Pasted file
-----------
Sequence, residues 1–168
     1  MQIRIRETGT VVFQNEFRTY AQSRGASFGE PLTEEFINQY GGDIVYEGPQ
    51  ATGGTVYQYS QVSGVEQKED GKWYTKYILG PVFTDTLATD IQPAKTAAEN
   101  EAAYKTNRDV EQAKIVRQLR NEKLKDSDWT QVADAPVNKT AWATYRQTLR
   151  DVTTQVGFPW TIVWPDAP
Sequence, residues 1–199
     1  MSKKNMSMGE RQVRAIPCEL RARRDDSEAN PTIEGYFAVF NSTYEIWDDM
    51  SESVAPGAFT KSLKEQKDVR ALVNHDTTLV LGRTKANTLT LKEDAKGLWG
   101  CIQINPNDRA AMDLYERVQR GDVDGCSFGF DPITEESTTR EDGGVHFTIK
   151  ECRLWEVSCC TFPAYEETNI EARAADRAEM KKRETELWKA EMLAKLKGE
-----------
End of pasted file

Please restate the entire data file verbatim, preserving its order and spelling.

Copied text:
Sequence, residues 1–168
     1  MQIRIRETGT VVFQNEFRTY AQSRGASFGE PLTEEFINQY GGDIVYEGPQ
    51  ATGGTVYQYS QVSGVEQKED GKWYTKYILG PVFTDTLATD IQPAKTAAEN
   101  EAAYKTNRDV EQAKIVRQLR NEKLKDSDWT QVADAPVNKT AWATYRQTLR
   151  DVTTQVGFPW TIVWPDAP
Sequence, residues 1–199
     1  MSKKNMSMGE RQVRAIPCEL RARRDDSEAN PTIEGYFAVF NSTYEIWDDM
    51  SESVAPGAFT KSLKEQKDVR ALVNHDTTLV LGRTKANTLT LKEDAKGLWG
   101  CIQINPNDRA AMDLYERVQR GDVDGCSFGF DPITEESTTR EDGGVHFTIK
   151  ECRLWEVSCC TFPAYEETNI EARAADRAEM KKRETELWKA EMLAKLKGE